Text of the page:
Bamboo Garden

At SDBG, you can visit the largest living collection of bamboo in North America!
The Bamboo Garden at SDBG is special because it is the first garden planted as a collection. In 2013, the American Public Garden Association (APGA) granted official accreditation of our collection, recognizing it as a key resource for bamboo research and preservation. Our Bamboo Garden features over 100 different species and cultivars of bamboo from around the world.

Many people know that bamboo grows in China and that it’s eaten by panda bears. However, bamboo grows naturally on every continent except Antarctica and Europe! There are over 1000 different species of bamboo, but almost half of the world’s bamboo is threatened with habitat destruction. LIke any habitat loss, losing bamboo habitat will result in the loss of panda bears and many other animals around the globe that depend on bamboo.

What many people may not know is that bamboo is a grass, in fact they are giant grasses! They’re in the subfamily Bambusoideae of the grass family Poaceae. Each bamboo stem completes its growth in a year, and can grow several feet per day! Some bamboo grow as tall as trees, and even though they’re grasses, they can grow into a forest. Bamboo stems or culms are hollow, like the grass in a lawn. Trees form solid trunks which may take decades to reach maturity.

Bamboo is the fastest-growing land plant in the world! With over 1,500 uses of bamboo, it is an eco-friendly, renewable material that requires little fertilizer or pesticide to grow and few chemicals to process. While some bamboo plants need lots of water, there are many drought-tolerant species. Here are some other fun facts about bamboo:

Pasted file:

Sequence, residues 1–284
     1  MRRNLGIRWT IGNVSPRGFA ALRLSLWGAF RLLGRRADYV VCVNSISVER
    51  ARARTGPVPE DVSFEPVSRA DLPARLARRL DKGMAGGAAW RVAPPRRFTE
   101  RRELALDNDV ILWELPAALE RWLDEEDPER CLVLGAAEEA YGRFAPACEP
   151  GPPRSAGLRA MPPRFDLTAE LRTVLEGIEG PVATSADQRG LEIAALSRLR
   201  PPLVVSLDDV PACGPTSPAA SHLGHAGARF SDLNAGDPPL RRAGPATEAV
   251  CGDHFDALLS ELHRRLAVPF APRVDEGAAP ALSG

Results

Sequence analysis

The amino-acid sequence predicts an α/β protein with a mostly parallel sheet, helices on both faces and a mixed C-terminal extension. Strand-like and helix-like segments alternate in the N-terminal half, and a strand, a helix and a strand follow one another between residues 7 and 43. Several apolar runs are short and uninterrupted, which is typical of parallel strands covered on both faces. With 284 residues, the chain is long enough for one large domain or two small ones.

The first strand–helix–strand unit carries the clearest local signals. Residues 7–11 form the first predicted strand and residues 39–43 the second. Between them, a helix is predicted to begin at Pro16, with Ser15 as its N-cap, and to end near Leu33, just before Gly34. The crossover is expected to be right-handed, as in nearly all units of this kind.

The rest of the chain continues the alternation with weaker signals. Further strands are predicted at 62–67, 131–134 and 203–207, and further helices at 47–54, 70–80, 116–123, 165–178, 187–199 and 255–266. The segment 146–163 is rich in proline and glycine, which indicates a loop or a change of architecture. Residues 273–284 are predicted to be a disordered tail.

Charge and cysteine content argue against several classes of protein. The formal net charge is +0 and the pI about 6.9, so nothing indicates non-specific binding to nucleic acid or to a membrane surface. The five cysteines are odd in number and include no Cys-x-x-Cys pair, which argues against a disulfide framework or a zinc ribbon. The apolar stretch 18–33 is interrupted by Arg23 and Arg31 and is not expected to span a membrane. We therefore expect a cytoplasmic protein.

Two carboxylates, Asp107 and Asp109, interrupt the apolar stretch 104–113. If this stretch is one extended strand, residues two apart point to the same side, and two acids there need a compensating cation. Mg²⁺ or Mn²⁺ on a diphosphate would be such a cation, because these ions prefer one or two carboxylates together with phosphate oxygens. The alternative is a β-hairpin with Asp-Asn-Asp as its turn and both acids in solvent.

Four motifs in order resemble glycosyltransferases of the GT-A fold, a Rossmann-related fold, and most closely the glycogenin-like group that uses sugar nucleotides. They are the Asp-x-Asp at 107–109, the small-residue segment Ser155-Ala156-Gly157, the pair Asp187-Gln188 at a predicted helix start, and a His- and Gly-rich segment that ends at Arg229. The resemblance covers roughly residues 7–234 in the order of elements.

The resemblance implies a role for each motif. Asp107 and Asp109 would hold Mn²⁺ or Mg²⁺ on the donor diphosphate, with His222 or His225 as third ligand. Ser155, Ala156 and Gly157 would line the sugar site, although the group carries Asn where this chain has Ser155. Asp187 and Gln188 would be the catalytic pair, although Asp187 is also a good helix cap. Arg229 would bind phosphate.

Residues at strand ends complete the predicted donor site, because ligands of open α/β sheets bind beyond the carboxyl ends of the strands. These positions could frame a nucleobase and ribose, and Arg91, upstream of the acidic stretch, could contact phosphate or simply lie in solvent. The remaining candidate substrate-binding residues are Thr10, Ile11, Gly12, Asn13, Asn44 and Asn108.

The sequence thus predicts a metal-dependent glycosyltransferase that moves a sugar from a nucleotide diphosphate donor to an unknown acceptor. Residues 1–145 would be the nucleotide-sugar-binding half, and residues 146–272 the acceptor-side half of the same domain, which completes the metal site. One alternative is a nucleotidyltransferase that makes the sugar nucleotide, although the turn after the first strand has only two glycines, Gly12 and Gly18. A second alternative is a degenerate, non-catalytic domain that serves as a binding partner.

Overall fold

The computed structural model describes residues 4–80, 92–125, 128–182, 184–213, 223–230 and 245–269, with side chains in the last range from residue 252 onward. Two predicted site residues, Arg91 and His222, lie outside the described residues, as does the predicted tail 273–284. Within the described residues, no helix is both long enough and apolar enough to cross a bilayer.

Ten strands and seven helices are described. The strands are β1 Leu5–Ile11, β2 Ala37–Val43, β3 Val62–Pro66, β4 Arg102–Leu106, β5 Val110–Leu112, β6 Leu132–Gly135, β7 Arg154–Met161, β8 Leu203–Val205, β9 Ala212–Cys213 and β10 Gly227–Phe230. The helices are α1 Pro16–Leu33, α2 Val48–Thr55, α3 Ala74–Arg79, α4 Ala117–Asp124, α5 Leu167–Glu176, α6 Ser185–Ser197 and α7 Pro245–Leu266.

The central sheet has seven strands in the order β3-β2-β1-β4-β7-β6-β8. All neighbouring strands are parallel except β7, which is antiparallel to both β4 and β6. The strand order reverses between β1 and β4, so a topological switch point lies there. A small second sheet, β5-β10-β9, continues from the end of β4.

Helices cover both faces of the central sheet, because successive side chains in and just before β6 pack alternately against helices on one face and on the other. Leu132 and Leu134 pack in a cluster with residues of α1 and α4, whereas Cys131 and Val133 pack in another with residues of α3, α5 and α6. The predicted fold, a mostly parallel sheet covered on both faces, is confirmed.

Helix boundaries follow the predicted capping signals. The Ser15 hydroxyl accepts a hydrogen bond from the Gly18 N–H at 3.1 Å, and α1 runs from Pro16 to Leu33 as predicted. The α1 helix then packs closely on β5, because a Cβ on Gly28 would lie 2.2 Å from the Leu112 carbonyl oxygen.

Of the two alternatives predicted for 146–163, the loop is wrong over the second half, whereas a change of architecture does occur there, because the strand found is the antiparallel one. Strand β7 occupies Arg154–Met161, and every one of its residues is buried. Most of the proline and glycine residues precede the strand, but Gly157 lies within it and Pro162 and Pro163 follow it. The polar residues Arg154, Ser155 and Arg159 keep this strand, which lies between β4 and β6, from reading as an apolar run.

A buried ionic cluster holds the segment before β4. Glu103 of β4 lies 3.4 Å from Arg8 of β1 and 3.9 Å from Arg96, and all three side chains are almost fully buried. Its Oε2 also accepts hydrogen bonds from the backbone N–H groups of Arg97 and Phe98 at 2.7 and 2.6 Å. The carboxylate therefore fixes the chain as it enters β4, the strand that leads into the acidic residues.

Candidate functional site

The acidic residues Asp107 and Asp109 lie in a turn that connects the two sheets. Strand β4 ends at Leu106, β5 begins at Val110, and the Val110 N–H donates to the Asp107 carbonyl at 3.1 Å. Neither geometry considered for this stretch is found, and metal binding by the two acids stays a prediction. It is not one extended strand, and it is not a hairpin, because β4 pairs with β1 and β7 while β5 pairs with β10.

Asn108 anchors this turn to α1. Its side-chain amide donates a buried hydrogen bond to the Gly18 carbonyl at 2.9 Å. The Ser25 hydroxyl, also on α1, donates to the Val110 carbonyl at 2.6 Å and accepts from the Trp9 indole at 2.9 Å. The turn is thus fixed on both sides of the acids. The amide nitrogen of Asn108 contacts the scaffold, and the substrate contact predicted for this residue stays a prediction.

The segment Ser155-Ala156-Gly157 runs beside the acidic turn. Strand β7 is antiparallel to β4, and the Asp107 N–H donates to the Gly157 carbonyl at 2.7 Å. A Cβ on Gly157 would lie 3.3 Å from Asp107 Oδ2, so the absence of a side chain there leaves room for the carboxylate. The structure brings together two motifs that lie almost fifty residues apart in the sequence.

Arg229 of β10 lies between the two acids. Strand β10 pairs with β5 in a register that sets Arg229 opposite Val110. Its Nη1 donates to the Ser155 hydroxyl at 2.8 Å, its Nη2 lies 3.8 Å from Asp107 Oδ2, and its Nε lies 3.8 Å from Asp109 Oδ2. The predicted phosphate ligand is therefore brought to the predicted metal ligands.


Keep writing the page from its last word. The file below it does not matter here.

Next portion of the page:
• Produces 30% more oxygen than an equal sized stand of trees.
  • Grows more than 3 feet in a day, can be sustainably harvested after only 3-5 years.
  • Super strong and sturdy, can even be stronger than steel.
  • Used from traditional foods to flutes and flooring.

There are two general types of bamboo: one type clumps together (clumpers) and the other type spreads out (runners). Clumpers have short thick underground stems or rhizomes. In contrast, runners have long, narrow rhizomes that can travel as far as 30 feet underground. A single runner can produce an entire bamboo forest! Due to these characteristics, it’s important to research the species, growth type, and water requirements so you don’t crowd out native species and threaten biodiversity when you plant bamboo.

Seeing a bamboo flower is rare because most woody bamboo only flower every 60-130 years, and after a plant flowers and sets seed, it usually dies. Most species of woody bamboo undergo a mass flowering event; all of the plants from the same root cutting (from the same parent plant) bloom at the same time, even if they’re on the other side of the world! This mass flowering and death of bamboo from the same root stock is another factor putting them at a high risk of extinction.

-Written by the Horticulture and Education Departments at SDBG

Thanks for your donations!

Thanks to the Southern California Chapter of the American Bamboo Society and the Ned Jaquith Foundation for their support of the Bamboo Garden.